For this type of microphone, I recommend solutions from RØDE or Sennheiser. There are less expensive options as well, check out alternatives to find what suits you best. The thing to bear in mind here is that the biggest contributor to audio quality is the microphone capsule itself. As we know from smartphones, you can build a microphone very inexpensively, but a good microphone will tend to cost more, and deliver significantly better audio.
Low impedance microphones produce better sound and can support much longer cable runs. They tend to be monophonic but still use a TRS or XLR connection to deliver what is called a balanced output. Balanced lines can run farther and do an excellent job of preventing noise being picked up in the wire. If you are using this type of microphone, whether wired or wireless, you may need a preamp to raise the output signal to a recording level. Really high-end low impedance microphones may also need Phantom Power, typically 48v, just to make the microphone active.
Off-board recorders like the Zoom H4-N or H6 or the Zoom H5 Handy Recorder can accept cabled microphones through low impedance inputs. The Zoom units include built in microphones that deliver excellent area sound. They do local recording, so you do not have to depend on the camera’s audio recording capability. Both RØDE and Sennheiser make excellent low noise, longer-range wireless microphones consisting of a microphone, transmitter, and receiver. I use Sennheiser wireless microphones regularly, have recently reviewed the RØDE Filmmaker Kit on my site (very nice), and also use RØDE, Shure and Sennheiser wired microphones for vocals, standups and in on-set situations with a shotgun microphone on a boom overhead and pointed at the talent.
The only real challenge with using an off-board recording model is that at some point you have to synchronize your off-board audio with the from-camera video. Here’s a process that while not particularly sophisticated, will work well and costs you no more.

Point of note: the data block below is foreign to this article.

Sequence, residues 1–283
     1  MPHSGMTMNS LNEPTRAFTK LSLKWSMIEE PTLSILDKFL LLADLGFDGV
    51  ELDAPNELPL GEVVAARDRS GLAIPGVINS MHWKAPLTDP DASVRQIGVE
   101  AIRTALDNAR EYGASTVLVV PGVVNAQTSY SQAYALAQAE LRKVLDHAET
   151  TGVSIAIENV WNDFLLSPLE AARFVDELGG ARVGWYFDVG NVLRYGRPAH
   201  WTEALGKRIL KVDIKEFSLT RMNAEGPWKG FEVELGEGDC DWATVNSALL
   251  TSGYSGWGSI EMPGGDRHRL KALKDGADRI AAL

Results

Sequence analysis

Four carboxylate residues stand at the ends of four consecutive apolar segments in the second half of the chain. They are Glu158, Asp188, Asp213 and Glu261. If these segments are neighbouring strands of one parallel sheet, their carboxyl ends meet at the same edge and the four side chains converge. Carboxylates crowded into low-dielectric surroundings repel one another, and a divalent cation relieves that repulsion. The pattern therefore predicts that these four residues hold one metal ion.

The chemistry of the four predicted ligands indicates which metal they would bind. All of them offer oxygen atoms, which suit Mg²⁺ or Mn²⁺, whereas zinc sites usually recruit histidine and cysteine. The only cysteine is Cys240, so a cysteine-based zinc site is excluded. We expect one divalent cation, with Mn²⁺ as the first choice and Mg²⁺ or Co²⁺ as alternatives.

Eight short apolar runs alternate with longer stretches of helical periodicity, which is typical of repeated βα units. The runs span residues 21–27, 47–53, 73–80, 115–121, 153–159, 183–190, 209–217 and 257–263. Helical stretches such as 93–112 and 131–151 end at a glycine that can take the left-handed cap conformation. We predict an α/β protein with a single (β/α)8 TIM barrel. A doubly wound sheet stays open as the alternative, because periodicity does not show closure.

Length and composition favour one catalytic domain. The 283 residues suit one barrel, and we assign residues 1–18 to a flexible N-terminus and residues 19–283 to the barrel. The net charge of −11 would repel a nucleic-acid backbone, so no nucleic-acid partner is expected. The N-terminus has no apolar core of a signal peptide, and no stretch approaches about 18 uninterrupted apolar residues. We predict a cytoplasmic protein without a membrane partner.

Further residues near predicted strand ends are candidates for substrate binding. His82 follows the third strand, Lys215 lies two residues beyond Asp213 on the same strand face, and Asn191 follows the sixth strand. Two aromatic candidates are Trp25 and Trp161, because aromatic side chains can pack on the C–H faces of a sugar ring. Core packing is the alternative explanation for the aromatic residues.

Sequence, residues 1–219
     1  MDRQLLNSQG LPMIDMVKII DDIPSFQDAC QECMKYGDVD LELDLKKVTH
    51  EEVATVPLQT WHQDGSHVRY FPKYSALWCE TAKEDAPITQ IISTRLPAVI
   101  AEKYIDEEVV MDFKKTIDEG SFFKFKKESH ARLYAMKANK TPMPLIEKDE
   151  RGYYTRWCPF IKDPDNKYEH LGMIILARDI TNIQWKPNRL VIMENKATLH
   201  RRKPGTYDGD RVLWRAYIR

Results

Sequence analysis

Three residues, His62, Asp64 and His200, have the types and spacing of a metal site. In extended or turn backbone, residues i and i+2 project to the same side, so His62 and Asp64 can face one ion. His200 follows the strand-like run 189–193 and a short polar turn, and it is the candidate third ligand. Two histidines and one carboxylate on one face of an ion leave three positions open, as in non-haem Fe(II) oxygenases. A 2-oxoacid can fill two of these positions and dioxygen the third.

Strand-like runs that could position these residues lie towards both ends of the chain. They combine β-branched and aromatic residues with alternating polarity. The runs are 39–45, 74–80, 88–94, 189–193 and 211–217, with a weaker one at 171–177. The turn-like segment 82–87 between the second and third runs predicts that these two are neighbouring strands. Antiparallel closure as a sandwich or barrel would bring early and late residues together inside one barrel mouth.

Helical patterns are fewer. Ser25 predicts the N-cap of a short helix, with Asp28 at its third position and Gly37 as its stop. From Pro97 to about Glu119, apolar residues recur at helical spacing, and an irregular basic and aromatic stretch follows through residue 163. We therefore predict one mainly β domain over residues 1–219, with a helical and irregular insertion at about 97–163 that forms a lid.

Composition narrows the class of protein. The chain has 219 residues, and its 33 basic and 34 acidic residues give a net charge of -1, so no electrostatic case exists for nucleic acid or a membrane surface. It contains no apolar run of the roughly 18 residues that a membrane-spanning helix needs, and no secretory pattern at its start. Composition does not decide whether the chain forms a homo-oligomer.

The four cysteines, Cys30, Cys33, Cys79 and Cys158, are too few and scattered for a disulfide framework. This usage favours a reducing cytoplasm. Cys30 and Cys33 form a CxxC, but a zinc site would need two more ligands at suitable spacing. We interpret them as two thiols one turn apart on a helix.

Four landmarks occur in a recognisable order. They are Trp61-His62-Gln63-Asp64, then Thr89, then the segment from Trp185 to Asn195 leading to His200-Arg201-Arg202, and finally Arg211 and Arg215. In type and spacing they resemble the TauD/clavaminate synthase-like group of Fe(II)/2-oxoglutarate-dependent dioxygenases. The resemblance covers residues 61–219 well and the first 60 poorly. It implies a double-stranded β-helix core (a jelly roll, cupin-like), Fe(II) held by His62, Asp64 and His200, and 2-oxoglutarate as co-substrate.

- Activate audio recording on the camera. Leave the gain control in automatic. This is not your quality audio track, its only purpose is as a sync track.
- Start the off-board audio recorder. In film speak the Director’s command for this is “speed”.
- Start the video recording in the camera, in camera audio starts at the same time. The Director’s command for this is “rolling”.
- At this point, you introduce an audio spike. This can be from a slate or clapper, but is easily done by a single loud handclap. What you want is a very short duration audio spike in a limited frequency range.
- Instruct your talent to begin the shot. The command for this is “action” but if you are doing all the work and being the talent besides, give yourself a 5 second verbal count in so that you know when to start, and you’ve had a chance to calm down a bit.
- Finish the shot or clip.
- The command here is “cut”. This is the cue to stop the recording on all devices.
Now you have a single video track with a linked audio track and a separate audio track of a slightly different duration. Keep doing this until you have finished all your scheduled shots.
- In your video editor, you import the video and audio track from the camera.
- Now import the separate audio track from the off-board recorder.
- Make sure that the audio waveforms are expanded nice and wide and tall.
- Drag the position of your off-board audio track so the spike is in the same position on the timeline as the spike recorded in camera.
- Once aligned, mute the audio track from the camera and play the combined clips through to make sure that things are good. When you are sure that they are, link the video and the off-board audio tracks together so if you move one, the other moves with it, and when you make cuts, the cuts apply to both tracks.
This may sound really complicated but when you do it live, you’ll see just how simple it is.
You’re now well on your way to making better videos because you will be including better audio. Don’t be afraid to add additional audio tracks to your video such as backing music, or ambient sounds (aka Foley Effects) to make your video a richer experience. It’s a huge amount of fun and with the tools that we have readily available, it’s easier than it has ever been.